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"Canada can, within a positive friendly atmosphere, ask the Chinese government to resolve the Tibetan situation."

Ex-commander of old Tibet sees error of his ways

April 28, 2008

(China Daily)
2008-04-26

Lahlu Tsewang Dorje, a former vice-chairman of the Tibet autonomous
region's political consultative conference, was the commander in chief
of the Dalai Lama's army during the 1959 rebellion to separate Tibet
from China.

He was born into one of the most prominent families in old Tibet. There
have been two Dalai Lamas from Lahlu Tsewang Dorje's family.

He has witnessed the progress of Tibet from the old to the new, and in a
recent TV program spoke about his feelings about the March 14 riots in
Lhasa.

"The incident meticulously plotted by the Dalai clique was extremely
bad. They beat, smashed, looted and even burnt some people to death.
This has never happened before, and I am very indignant," he said.

On March 27, he and two other famous Tibetans published an article in
Tibet Daily titled "Fight against all splittists and splitting
activities from a firm standpoint and condemn the riots".

"I think the Dalai clique is our enemy and we should fight until the
end. Although I am old now, I'm still determined to make my
contribution," he said.

"The Dalai clique drew up a so-called constitution which stipulates that
the head of the state is the Dalai Lama. He has his own government
called Gexia, a complete systematic organization with sub-organizations
such as the Tibetan Youth Congress."

Lahlu Tsewang Dorje said he "was opposed to the conflicts between Han
and Tibetan ethnic groups and Hui and Tibetan ethnic groups", which
someone used as an excuse for the violent incidents in Lhasa.

"It is true that Tibetans and Hans were not in a very good relationship
before the liberation of Tibet, that is because rulers in the old days
discriminated against the Hans. Now it is totally different - there is
equality and harmony between the two groups. And that is why I am so
shocked at the riots aiming to sabotage this relationship."

Referring to monks that joined the attacking mobs, he said: "You cannot
criticize the central government on the issue of religious faith, you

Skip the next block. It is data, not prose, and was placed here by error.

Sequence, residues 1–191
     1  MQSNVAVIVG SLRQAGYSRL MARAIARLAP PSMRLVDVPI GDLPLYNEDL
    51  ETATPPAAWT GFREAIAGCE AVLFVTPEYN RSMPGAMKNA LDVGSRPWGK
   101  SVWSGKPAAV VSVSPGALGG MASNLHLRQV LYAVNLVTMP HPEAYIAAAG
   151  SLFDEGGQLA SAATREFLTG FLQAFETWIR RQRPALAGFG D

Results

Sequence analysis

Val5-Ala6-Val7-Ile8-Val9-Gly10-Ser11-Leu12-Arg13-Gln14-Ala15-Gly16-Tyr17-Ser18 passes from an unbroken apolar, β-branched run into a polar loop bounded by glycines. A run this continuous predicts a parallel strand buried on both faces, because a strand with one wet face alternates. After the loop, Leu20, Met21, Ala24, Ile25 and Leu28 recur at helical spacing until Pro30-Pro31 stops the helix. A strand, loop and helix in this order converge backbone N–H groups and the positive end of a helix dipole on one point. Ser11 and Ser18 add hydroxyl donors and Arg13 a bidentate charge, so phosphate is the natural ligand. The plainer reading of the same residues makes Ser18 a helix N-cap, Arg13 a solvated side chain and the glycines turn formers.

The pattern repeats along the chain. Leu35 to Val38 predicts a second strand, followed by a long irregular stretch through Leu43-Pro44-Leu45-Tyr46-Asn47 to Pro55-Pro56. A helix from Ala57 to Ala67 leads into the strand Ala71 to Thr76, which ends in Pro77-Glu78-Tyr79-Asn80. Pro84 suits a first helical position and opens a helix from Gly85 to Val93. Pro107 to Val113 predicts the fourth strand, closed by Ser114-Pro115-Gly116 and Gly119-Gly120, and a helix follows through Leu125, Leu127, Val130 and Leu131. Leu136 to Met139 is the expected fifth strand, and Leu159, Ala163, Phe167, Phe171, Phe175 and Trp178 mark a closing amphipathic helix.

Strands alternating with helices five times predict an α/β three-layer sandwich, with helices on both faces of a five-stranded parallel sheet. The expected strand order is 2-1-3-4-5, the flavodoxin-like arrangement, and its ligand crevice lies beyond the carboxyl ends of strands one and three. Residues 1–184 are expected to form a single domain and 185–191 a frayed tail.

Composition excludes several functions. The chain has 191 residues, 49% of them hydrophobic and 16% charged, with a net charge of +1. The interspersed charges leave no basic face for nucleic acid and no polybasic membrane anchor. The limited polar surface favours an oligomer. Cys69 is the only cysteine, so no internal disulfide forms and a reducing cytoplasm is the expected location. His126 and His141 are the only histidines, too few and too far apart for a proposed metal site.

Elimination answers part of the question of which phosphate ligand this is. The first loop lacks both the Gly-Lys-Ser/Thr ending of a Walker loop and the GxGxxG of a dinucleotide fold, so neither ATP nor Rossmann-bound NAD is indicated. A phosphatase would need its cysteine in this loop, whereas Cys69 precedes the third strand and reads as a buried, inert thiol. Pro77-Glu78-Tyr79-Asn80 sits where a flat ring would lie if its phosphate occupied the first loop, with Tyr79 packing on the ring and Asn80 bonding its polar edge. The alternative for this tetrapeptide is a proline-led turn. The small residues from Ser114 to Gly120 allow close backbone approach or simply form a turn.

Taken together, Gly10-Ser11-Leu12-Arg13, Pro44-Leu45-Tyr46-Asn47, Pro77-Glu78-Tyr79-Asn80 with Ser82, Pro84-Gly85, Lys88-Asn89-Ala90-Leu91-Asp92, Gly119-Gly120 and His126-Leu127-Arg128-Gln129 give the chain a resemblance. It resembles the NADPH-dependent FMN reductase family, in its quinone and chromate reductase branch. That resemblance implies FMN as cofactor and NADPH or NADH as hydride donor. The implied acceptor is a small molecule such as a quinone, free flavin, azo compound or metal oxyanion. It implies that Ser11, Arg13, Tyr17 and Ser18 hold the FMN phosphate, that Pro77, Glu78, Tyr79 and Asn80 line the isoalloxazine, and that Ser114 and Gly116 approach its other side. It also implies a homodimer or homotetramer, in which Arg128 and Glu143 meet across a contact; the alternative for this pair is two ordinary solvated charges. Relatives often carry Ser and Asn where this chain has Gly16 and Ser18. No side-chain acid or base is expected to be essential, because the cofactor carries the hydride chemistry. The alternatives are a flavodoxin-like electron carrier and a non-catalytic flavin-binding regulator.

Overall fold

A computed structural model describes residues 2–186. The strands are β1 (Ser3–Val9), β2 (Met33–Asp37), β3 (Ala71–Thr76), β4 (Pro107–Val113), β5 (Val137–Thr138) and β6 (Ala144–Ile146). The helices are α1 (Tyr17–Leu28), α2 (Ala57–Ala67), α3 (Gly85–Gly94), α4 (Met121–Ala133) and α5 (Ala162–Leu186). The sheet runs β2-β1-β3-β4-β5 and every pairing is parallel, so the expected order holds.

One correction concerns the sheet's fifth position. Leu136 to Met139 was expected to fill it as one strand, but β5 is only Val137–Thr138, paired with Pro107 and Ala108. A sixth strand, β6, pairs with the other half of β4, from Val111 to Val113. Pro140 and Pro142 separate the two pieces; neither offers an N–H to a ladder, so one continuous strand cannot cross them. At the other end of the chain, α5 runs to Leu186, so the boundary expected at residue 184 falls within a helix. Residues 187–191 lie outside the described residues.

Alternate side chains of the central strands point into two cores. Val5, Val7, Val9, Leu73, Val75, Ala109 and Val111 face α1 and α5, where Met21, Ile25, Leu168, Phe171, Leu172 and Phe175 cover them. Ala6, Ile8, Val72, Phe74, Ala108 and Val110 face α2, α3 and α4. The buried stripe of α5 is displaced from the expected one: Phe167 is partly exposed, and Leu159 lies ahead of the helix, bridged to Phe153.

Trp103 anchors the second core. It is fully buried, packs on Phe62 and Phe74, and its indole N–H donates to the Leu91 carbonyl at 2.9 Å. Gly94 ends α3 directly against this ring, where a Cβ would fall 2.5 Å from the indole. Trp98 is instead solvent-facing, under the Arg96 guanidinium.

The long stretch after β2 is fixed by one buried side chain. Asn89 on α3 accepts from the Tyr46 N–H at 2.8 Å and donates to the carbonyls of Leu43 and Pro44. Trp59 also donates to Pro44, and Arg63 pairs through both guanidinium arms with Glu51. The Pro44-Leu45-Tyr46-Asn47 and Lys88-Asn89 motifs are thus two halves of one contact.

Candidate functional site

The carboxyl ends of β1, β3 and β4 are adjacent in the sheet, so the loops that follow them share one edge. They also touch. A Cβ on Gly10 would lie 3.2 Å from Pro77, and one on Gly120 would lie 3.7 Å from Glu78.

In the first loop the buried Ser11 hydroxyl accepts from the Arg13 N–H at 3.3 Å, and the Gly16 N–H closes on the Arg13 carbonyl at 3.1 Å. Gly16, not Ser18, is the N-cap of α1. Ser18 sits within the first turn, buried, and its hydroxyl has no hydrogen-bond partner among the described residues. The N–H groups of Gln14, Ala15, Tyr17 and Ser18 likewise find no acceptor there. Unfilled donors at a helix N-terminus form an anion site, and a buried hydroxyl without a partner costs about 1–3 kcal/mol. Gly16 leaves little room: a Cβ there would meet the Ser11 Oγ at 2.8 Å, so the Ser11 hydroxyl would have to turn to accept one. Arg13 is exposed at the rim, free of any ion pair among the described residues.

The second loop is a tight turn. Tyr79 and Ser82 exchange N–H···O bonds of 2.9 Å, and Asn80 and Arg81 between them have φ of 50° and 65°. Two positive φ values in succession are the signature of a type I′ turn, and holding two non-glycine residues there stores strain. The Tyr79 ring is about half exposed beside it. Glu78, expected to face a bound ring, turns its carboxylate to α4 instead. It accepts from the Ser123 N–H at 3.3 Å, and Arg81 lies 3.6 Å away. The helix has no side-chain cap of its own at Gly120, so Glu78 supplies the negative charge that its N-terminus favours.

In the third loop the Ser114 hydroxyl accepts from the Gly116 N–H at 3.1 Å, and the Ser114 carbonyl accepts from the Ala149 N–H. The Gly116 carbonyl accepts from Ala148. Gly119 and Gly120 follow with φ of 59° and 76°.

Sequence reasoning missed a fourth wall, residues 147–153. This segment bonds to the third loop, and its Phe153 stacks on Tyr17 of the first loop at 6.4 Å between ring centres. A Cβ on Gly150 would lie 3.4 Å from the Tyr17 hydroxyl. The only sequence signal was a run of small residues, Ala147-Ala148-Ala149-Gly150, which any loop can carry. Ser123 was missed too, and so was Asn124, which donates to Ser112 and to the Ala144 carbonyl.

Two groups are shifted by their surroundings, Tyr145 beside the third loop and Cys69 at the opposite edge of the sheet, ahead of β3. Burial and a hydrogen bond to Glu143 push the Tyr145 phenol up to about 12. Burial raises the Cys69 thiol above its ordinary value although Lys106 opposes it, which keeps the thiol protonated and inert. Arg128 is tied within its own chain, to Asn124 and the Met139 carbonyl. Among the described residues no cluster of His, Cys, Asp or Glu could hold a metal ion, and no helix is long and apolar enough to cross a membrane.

are free to choose your own faith, whether to believe or not is your choice.

"You can be a monk today, and return to the secular world tomorrow. What
is more, monks are taught to behave with kindness that is the essence of
the faith."

He recalled his own experience that reflects the modern history of Tibet.

In October 1951, he took part in the welcoming ceremony of People's
Liberation Army held by the Tibet local government in Lhasa after the
signing of the Agreement of the Central People's Government and the
Local Government of Tibet on Measures for the Peaceful Liberation of
Tibet (also known as the 17-Article Agreement).

"The army treated the Tibetan people so well that I found rumors about
them being horrible was an absolute lie," Lahlu Tsewang Dorje said.

However, he was afraid of the democratic reform of Tibet as his own
interests lay in the feudal serf system at the time.

In April 1956, the preparatory committee for the Tibet autonomous region
was set up and the central government decided to postpone democratic
reform until 1962, in consideration of the people of high status in
Tibet. However, the potential change to Tibetan society caused panic
among some officials of the old government led by the Dalai Lama.

This led to the armed rebellion in 1959, in which Lahlu Tsewang Dorje
was arrested as the commander in chief of Tibetan army.

Under the care and education of the government, he realized he had been
wrong. In 1965, following his release, he voluntarily asked to farm in a
suburb of Lhasa.

He was elected as a member of the political consultative conference of
Tibet autonomous region and subsequently twice as the conference's chairman.
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